How pathogen transforms “flower” into “leaf”? — Phytoplasma protein degrades floral transcription factors
March 17, 2014
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Normal flower of Arabidopsis thaliana (left), and phyllody-like flower induced by expression of phyllogen (right) © Shigetou Namba
Phytoplasmas are plant pathogenic bacteria associated with devastating damage to over 1000 plant species worldwide. Infected plants show a wide range of symptoms. Especially, plants exhibiting phyllody symptoms (formation of leaf-like tissues instead of flowers) have attracted much attention, and used to be traded with high commercial value. However, the molecular mechanisms of phyllody symptom development remain to be elucidated.
A research team headed by Professor Shigetou Namba in the Graduate School of Agricultural and Life Sciences at the University of Tokyo identified a novel gene family encoding for a phytoplasma-secreted protein “PHYLLOGEN”, and demonstrated that this protein is a pathogenic factor responsible for phyllody symptoms. His team found that PHYLLOGEN interacts with and degrades floral homeotic MADS-domain transcription factors that are conserved among flowering plants. This degradation of the MADS-domain transcription factors was dependent on the ubiquitin-proteasome pathway. The expression of floral development genes downstream of these transcription factors was actually disrupted in PHYLLOGEN-expressing transgenic plants. Moreover, PHYLLOGEN was genetically and functionally conserved among phytoplasmas. From these discoveries, Professor Namba’s team revealed the molecular mechanisms of phyllody symptom development for the first time.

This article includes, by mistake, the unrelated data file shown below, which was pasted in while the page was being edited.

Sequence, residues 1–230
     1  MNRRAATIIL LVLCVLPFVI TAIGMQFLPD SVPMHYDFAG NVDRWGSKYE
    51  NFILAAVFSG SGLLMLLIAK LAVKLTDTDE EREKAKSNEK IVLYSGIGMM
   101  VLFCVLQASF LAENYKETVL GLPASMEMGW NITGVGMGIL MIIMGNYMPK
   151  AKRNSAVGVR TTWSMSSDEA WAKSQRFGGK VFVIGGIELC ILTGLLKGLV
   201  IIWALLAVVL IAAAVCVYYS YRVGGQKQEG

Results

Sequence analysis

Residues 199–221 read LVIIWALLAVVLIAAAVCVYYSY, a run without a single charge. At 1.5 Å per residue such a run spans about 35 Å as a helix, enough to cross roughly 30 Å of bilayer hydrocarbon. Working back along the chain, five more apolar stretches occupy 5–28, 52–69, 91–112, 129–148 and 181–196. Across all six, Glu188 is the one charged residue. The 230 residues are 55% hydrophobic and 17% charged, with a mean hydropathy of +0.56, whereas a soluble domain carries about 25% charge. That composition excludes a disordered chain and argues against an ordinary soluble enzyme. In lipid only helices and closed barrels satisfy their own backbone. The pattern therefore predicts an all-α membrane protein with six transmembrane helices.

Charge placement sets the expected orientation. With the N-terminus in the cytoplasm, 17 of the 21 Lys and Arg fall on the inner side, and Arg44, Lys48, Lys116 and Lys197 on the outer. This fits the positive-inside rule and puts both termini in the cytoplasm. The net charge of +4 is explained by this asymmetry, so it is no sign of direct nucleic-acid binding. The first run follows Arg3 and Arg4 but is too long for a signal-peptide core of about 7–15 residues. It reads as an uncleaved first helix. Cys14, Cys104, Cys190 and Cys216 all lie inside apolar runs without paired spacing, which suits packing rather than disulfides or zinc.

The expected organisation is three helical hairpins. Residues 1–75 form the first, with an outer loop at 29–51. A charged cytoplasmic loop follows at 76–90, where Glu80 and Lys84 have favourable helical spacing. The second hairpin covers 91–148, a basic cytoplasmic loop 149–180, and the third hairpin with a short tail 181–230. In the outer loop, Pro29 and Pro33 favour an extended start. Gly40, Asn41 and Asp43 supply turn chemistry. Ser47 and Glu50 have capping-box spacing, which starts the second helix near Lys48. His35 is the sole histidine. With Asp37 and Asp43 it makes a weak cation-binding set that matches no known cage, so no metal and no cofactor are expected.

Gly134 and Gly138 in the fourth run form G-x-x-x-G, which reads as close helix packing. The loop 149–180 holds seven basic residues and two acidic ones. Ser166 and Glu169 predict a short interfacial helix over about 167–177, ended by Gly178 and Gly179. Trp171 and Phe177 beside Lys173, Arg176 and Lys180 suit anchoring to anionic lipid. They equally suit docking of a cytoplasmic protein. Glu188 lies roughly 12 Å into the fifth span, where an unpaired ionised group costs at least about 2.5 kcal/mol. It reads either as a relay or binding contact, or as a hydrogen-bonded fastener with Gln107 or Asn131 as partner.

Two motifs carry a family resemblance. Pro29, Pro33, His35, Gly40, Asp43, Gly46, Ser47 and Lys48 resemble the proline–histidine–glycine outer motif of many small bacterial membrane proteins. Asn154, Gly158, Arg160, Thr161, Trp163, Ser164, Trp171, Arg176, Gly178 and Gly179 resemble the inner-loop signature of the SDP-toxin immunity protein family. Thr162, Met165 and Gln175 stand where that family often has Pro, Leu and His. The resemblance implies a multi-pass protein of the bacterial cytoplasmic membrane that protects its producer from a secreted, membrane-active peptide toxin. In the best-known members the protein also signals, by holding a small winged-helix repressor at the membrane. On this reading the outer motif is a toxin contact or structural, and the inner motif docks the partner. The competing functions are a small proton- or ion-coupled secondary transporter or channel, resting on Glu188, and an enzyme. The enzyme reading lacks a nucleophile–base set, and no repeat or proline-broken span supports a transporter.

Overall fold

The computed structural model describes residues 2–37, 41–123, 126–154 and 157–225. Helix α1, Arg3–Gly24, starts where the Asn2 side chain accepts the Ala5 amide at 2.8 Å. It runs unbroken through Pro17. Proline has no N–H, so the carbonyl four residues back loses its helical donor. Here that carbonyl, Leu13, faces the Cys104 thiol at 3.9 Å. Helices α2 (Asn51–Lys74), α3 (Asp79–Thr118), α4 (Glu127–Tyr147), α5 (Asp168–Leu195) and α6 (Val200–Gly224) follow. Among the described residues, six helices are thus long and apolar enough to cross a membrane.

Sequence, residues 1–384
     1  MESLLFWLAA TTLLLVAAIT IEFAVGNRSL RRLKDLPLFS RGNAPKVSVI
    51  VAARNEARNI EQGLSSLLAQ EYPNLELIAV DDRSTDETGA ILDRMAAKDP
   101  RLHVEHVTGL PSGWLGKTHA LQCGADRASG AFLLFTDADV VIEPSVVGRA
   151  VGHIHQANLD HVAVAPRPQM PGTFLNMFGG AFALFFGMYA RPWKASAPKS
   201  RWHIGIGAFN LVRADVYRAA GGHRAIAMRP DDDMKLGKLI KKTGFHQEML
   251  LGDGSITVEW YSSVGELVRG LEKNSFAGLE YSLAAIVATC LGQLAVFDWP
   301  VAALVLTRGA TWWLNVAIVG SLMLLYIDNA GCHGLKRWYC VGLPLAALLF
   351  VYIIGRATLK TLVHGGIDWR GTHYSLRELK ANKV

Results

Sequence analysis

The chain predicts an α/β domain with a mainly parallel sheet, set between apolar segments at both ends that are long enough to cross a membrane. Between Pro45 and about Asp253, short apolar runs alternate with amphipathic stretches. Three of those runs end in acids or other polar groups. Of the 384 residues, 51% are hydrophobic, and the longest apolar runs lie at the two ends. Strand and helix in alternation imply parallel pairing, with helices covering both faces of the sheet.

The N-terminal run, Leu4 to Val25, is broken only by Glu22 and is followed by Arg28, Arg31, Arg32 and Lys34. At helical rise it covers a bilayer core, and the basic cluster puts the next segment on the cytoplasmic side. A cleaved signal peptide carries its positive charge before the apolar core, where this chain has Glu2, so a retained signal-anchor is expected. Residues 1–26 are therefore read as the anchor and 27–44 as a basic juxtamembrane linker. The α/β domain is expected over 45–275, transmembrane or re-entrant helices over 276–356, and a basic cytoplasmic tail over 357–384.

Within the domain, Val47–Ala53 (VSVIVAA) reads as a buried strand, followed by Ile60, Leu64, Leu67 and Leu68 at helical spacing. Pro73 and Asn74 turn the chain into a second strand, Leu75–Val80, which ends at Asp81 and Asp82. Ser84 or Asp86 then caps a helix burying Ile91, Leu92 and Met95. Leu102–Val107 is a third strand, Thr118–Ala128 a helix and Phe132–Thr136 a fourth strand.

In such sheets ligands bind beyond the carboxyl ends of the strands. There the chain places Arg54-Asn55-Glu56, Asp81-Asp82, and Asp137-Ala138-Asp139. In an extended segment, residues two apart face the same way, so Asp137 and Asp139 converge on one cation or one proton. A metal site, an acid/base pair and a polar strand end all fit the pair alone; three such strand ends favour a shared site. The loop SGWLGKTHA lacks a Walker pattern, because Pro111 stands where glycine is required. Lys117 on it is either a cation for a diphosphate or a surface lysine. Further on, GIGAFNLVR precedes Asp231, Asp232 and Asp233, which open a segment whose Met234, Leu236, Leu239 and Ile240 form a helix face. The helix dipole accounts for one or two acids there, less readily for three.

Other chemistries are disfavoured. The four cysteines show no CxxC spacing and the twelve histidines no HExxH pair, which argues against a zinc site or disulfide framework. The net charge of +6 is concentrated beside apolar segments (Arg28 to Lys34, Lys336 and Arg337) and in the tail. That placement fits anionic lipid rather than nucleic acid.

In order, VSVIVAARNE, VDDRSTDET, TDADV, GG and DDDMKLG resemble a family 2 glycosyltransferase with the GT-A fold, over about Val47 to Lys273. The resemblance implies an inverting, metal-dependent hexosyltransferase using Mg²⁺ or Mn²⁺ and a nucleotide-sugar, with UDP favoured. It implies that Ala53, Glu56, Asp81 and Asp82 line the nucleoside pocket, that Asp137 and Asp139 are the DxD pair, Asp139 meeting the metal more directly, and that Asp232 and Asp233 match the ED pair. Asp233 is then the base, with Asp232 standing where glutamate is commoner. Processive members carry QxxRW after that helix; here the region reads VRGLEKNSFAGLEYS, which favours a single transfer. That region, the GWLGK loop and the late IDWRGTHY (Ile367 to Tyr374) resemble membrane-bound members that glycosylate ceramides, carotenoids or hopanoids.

PHYLLOGEN is expected to induce phyllody symptoms on many plants, as do phytoplasmas. Therefore, PHYLLOGEN will open a new frontier in breeding of unprecedented ornamental plants with green flowers of high commercial value. Moreover, PHYLLOGEN will be useful for increasing forage yield because it keeps plants in the vegetative phase. Development of inhibitors of PHYLLOGEN will also be helpful in the control of phytoplasma diseases.
Kensaku Maejima, Ryo Iwai, Misako Himeno, Ken Komatsu, Yugo Kitazawa, Naoko Fujita, Kazuya Ishikawa, Misato Fukuoka, Nami Minato, Yasuyuki Yamaji, Kenro Oshima, and Shigetou Namba, “Recognition of floral homeotic MADS-domain transcription factors by a phytoplasmal effector, phyllogen, induces phyllody,” The Plant Journal doi: 10.1111/tpj.12495.